It is already quite difficult to explain it to ourselves, and I think that those who are not stepping into the parliament have some difficulties in explaining it as well. This judgement call has been made by the Social Democrats only after seeing the results of the elections – which were particularly unfavourable for them. It is definitely related to internal political quarrels within the party.
We do pay a price for this behaviour as a government. As you rightly pointed out it is difficult to describe this and identify any logical reason for it, yet it is being associated with the country and the government. It is a duty of a politician who runs for office and is elected to go to Parliament and represent those who have voted for him. I think this is a basic principle. I do believe that our political culture should be shifting in the direction of people taking their responsibilities.
In the run-up to the elections there were concerns over media and funding access, both alleged to be disproportionately in favour of the ruling party. What is your government doing to promote freedom of expression?
I think this is one of the key factors. We definitely cannot have an environment that is conducive to reforms unless we have free reporting and quality media. Media freedom is part of a dialogue we are conducting with the European Commission in the frame of high level accession talks. Both the opposition and the coalition are represented in this dialogue.
The story about lack of media freedom in Macedonia has been hugely inflated since we have had a case of one media magnate being tried for money laundering and a number of other criminal acts – which led to the closure of some media outlets, most notably the A1 TV channel. No one has objected to the facts of the case and to the merits of the judgment, but this has been extrapolated and made to apply to the entire sphere of freedom of expression.
Why was it not possible to target individuals, instead of shutting down whole media outlets?
There was a court ruling that condemned them on the basis of the damages caused by its owner. If you examine the judgment closely, these are publicly available facts, and no one ever disagreed with the court’s conclusions. Once the damages Ramkovski (the owner) was convicted of were put in the balance sheet together with the assets, the outcome was the closure of the outlets.
In my view, the more media we have, the richer our environment will be. One thing I cannot contradict is that in Macedonia we have a confrontational way of doing politics, which is reflected in our media. There are as many different views as there are newspapers or informational websites – and we have the highest internet penetration rate in the region. There was one media case and applying this to the entire media sphere is not quite the right equation.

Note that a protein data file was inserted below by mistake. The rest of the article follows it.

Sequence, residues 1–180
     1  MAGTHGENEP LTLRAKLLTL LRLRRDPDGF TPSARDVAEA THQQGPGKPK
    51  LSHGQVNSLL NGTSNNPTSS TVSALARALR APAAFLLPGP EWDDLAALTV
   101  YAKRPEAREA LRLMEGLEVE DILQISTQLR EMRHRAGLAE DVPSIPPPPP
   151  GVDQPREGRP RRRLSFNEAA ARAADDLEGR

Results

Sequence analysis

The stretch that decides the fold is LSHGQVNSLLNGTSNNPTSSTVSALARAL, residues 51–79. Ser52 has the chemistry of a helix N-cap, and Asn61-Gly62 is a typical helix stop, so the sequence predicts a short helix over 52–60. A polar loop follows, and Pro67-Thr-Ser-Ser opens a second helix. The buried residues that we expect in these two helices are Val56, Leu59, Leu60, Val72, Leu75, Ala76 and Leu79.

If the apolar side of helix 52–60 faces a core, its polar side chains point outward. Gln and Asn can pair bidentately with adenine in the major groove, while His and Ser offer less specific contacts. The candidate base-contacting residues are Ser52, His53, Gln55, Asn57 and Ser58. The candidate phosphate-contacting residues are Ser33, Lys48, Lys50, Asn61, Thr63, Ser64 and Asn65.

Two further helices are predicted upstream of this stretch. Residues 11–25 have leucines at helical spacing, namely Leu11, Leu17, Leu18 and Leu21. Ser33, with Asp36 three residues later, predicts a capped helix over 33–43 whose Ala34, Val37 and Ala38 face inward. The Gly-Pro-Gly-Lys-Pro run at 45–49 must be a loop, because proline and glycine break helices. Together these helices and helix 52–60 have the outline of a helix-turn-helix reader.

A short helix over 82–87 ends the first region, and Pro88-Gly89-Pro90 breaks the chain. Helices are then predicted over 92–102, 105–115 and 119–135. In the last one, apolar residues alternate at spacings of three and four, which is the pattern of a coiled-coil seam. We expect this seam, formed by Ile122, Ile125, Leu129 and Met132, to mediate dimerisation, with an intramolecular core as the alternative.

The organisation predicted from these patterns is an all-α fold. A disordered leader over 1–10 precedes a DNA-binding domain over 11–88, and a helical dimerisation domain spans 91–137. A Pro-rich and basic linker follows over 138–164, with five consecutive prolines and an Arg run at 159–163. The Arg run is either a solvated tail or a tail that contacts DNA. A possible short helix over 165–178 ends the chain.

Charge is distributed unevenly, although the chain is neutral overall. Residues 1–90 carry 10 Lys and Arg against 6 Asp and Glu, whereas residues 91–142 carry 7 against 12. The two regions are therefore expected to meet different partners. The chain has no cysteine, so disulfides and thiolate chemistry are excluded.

The best we can do is to have an active dialogue in the institutions to determine any needed regulatory improvement. Last year, after the local elections, we have taken up the recommendations from the OSCE – including the suggestion to decriminalise defamation. According to the OSCE and the EU, our legislation is now one of the best in the area.
Yes, but they also said that there were problems with the implementation.
Correct. What needs to be tackled now is effective implementation.
Are you committed to that?
Absolutely, this is one of the priorities of the government. We cannot neglect the fact that it is one of the accession negotiations chapters. What makes me feel confident is that Macedonian people have now reached a certain level of democratic maturity – we make judgements on the basis of a set of diverse sources of information.
In the light of the latest scandal in Serbia with the Minister of Interior being accused of plagiarising his PhD thesis, what is your opinion on the development of higher education in the region?
I am surprised to hear about it… with the kind of software we use today, one can find out very quickly if you plagiarised your dissertation. It is rather stupid to get caught like that.
Admittedly, I can recall a problem related to the multiplication of all sorts of higher education institutions: we had reached a point of saturation. Jobs adverts started appearing with the note: ‘we do not accept applications from graduates of such and such institution’. What really matters is the quality of the applicants, not the papers they can provide. I am not worried about this, because at the end of the day the market will make its judgment.
Finally, given some of the controversial issues we have discussed, do you have a message for the Greek people?
Both Macedonia and Greece should see each other as partners – which we are already in real terms – and as equally worthwhile members of NATO and the EU. It is in the mutual interest of both countries to overcome the artificially constructed name issue. If we overcome that, we are settled. We don’t want to ‘win’ the naming dispute with Greece – we want to be real partners.
Note: This article gives the views of the interviewee, and not the position of LSEE Research on SEE, nor of the London School of Economics.